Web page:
October 31, 2001
Willet Science Center 101
The physiological functions of biological molecules such as DNA, RNA and
proteins are directly related to the structural arrangement and dynamic motion
of their constituent atoms. These
molecular properties can be investigated by high-resolution nuclear magnetic
resonance (NMR) spectroscopy, which detects the response of nuclear spins to
applied magnetic fields. This talk
will provide an overview of the rapidly advancing field of solution-state NMR,
and its applications to the study of protein structure and dynamics.
An introductory description of protein structure will be given, together
with remarks on the relationship between structure and function in biological
macromolecules. Next, the physical
basis of NMR, and the information provided by pulsed NMR experiments will be
reviewed. Different sequences of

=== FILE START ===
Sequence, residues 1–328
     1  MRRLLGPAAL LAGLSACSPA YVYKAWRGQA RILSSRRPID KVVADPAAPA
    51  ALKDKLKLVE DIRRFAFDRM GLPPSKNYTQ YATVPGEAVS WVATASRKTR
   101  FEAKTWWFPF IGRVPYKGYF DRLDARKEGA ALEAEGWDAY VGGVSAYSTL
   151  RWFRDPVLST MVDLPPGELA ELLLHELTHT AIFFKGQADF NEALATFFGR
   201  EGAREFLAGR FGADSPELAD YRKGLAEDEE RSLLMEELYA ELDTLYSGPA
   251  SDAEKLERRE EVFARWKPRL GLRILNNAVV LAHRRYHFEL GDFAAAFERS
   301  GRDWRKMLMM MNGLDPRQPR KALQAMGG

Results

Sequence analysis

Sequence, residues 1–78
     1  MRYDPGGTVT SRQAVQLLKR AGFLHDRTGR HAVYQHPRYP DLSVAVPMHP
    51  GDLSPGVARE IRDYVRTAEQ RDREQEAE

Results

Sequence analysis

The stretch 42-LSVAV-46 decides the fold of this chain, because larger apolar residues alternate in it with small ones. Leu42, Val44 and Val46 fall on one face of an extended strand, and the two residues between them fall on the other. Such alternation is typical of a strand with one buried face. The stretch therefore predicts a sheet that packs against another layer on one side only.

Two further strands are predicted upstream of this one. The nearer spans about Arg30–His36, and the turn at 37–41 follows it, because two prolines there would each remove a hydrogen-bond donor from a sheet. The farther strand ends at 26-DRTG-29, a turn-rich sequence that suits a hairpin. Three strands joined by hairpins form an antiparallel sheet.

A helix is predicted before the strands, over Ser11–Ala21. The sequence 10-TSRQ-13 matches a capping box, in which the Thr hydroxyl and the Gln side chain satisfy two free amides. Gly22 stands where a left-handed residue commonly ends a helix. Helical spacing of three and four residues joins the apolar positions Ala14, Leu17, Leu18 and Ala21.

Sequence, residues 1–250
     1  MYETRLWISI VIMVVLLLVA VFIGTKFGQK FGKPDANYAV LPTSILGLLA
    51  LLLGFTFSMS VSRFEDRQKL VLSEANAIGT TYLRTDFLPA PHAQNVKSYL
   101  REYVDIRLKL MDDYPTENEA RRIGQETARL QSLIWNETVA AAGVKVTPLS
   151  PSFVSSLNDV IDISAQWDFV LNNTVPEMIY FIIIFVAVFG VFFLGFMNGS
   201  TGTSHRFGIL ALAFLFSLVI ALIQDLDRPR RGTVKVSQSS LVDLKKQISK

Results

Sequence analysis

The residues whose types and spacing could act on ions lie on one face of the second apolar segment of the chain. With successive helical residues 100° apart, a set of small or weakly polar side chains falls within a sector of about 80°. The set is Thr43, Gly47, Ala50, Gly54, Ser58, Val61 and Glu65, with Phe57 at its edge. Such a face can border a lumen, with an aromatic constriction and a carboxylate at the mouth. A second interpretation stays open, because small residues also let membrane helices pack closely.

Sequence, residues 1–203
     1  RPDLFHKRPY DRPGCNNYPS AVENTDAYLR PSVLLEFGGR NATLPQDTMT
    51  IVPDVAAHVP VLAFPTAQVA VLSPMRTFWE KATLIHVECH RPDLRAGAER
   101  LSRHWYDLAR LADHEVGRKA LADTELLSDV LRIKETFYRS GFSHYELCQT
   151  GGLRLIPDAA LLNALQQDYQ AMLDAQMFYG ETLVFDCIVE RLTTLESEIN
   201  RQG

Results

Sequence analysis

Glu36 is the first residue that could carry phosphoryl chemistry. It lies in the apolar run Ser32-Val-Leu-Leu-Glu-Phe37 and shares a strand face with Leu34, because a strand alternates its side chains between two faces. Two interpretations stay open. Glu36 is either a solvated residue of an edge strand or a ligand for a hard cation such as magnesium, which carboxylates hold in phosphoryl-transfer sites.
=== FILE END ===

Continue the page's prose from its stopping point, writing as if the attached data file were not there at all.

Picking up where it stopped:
radio-frequency pulses, applied to isotopically-labeled molecules, reveal two
types of correlations between nuclei. The
coupling of nuclear spins linked by chemical bonds is used to assign each
resonance to the specific nucleus in the protein where it originates.
Then, the dipolar interaction of nearby spins can be interpreted as
constraints on the distances between atoms.
These constraints are converted, by computational methods such as
restrained molecular dynamics, to consistent three-dimensional structures.
Modern NMR techniques can provide protein structures of high resolution,
comparable to those obtained by X-ray crystallography, with additional
information on the protein's dynamic behavior under physiological conditions.
join us for light refreshments at 4:15.